The ultimate way to get around the wobbly situation is to work with a sine plate instead of a bar.
Harold
Reply to
Harold & Susan Vordos
snip------
That part's pretty easy. All you do is refer to trig tables. Considering I have no mathematics aside from general math behind me, I'll leave it to the mathematicians to describe the process. I'm pretty clumsy at it.
Harold
Reply to
Harold & Susan Vordos
dberryhill wrote in message ...
A sine bar has a top plate mounted on two round bars (one pivots). The important number is the center to center distance of these two bars along the top plate. Five inches seems to be standard.
The formula is (distance between bars) times (the sine of the angle desired) equals (the height of the stack).
for 22 deg sine of 22 = .3746
5 x .3746 = 1.873
You need a 1.873 inch stack to get 22 deg.
Paul K. Dickman
Reply to
Paul K. Dickman
While others have described the methods for setting the angle on the head, sometimes it is easier to leave the head square and set the angle of the work. Small stuff can be set on top of a sine bar in the vise, larger stuff can be held in a sine vise. ( The vise tips and is clamped in place.)
Often the setup depends on how much work is needed at an angle and the precision required. As an example if you were making an injection mold with rising detail a high degree of precision is required, but if you were making a vacuum forming mold and needed a draft angle so the part would release you could probably just eyeball the protractor scale and be fine.
Reply to
Roger Shoaf
Dave Yes you stack to get the proper angle. the sets usually come with 1 2 3 4 5 10 15 20 25 30 degree blocks. check out the KBC tools online catalog page 580.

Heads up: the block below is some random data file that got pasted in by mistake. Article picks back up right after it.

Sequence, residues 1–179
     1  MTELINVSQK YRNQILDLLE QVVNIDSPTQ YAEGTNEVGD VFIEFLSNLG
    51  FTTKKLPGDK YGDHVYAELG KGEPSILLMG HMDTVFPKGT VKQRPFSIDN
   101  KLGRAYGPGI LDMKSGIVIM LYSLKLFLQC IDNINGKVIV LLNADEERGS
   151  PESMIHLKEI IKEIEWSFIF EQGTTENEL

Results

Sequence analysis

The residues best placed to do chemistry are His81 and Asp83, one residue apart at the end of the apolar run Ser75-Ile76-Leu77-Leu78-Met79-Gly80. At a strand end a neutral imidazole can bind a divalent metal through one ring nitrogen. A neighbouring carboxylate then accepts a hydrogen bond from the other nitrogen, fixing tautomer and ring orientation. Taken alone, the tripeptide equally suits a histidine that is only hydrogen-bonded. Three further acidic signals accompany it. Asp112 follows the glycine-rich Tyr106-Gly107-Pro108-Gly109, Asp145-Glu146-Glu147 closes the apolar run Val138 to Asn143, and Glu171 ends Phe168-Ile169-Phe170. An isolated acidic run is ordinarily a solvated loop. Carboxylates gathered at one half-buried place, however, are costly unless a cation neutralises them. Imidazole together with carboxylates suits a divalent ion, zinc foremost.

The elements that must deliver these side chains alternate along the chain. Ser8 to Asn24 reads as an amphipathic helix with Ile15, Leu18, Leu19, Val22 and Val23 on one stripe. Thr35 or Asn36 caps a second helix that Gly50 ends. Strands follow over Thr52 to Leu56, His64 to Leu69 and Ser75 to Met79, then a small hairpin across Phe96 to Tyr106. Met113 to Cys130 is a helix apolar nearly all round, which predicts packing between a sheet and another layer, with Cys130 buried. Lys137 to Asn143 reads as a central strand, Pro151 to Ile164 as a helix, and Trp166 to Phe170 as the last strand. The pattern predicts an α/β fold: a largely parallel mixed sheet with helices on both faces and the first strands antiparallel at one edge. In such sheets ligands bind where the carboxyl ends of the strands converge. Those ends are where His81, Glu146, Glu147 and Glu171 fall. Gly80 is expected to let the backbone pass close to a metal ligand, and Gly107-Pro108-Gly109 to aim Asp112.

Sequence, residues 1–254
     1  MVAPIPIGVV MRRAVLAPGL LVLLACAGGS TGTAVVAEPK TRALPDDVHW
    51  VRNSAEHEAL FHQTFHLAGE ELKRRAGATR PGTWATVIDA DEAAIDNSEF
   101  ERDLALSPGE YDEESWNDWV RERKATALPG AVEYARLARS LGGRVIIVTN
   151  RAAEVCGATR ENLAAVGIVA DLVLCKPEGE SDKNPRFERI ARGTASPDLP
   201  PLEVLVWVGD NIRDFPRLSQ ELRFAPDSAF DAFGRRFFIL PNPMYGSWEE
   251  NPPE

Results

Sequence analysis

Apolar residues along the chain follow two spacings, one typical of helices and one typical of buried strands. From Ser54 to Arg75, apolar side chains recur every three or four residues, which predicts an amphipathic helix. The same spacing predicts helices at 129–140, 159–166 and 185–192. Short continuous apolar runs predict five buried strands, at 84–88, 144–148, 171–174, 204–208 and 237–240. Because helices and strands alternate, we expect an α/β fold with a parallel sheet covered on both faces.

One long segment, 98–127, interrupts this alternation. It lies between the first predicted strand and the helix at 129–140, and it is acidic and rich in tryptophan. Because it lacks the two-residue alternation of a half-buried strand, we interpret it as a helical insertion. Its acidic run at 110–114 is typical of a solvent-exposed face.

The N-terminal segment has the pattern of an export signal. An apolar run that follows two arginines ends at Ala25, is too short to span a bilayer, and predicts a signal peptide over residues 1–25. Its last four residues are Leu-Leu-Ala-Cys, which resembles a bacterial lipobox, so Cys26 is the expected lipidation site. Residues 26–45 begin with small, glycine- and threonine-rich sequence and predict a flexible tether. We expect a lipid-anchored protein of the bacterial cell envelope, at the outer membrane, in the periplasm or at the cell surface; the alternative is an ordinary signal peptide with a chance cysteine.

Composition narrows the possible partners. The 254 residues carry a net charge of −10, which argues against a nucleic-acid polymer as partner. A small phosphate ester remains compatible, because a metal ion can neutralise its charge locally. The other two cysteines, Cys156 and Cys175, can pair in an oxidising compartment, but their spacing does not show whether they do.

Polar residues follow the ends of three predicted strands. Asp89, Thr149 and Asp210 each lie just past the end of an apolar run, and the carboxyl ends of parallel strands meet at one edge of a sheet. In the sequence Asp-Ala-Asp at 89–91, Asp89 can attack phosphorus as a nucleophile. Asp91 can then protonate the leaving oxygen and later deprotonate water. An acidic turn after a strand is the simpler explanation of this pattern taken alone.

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There is a realy nice Brown & Sharpe set that has recesses to hold the part or other blocks. not cheap thought :-)
As Harold says about lining things up, but there are actually 3 axis to align, depending on the model, the Ram can revolve on some machines as well as the rotation and tilt of the head. For most application most people rarely move the ram alignment. Easily checked by sticking an indicator holder on the table, and indicate the inside of the dovetail on the ram by moving the table in and out. They align the two axis on the head and go from there.
dberryhill wrote:
Reply to
Machineman
as a relatively novice machinist with a bridgeport i wonder is there a book with all these simple setups and techniques explained ? i know there is a vast amount of knowledge here on the group but i feel silly asking simple questions that everyone has probably answered a million times. kind of a "milling for dummies" explaining techniques for tramming, clamping, angle setups,etc etc etc. i manage to do everything i try to do, but i'm sure there is a right way and a wrong (less precise) way any recomendations?
Mach> Dave
Reply to
rtv
: : Using a sine bar means :using gage blocks too, right? I don't think I can justify buying a set for :just one project but I'll see if I can find some imports on sale.
Unless you need extreme accuracy, a set of adjustable parallels and a micrometer work just fine.
Reply to
Robert Nichols
Excellent information!
Thanks for the help,
Dave Berryhill
Reply to
dberryhill
try some of the workshop practice books, here is one for the mill
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turret mill operation, looks good
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some of the others
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as a relatively novice machinist with a bridgeport i wonder is there a
Reply to
Machineman